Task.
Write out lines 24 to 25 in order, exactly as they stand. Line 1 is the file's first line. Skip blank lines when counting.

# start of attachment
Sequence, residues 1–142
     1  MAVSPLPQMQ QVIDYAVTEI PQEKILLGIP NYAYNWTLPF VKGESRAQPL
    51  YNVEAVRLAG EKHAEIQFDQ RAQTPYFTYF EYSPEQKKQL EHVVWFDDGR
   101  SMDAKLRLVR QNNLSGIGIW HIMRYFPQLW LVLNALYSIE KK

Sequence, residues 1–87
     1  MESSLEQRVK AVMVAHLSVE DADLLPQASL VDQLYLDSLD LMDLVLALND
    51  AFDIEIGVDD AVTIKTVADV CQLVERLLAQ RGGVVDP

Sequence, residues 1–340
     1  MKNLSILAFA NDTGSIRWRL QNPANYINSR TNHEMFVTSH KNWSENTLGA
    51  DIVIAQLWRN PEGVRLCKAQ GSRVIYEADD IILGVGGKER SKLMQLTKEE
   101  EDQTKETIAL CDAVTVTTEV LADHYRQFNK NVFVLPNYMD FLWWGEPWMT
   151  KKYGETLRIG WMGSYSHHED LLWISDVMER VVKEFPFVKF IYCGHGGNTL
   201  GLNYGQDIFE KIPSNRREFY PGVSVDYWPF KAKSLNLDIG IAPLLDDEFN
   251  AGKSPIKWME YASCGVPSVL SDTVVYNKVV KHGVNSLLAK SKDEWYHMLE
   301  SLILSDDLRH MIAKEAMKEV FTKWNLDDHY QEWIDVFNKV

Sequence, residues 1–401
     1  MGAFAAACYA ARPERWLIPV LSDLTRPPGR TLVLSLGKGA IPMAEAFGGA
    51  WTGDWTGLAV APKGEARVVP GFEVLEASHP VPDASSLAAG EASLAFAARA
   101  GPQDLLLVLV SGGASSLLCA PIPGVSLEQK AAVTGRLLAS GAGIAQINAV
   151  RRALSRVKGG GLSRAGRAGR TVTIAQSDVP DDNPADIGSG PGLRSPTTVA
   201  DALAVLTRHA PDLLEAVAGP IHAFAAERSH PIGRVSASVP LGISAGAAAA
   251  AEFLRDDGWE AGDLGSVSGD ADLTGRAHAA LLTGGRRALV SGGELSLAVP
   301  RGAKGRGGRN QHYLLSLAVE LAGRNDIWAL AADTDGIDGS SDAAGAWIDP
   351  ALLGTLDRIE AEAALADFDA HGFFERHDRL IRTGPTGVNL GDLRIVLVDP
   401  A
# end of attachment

   351  ALLGTLDRIE AEAALADFDA HGFFERHDRL IRTGPTGVNL GDLRIVLVDP
   401  A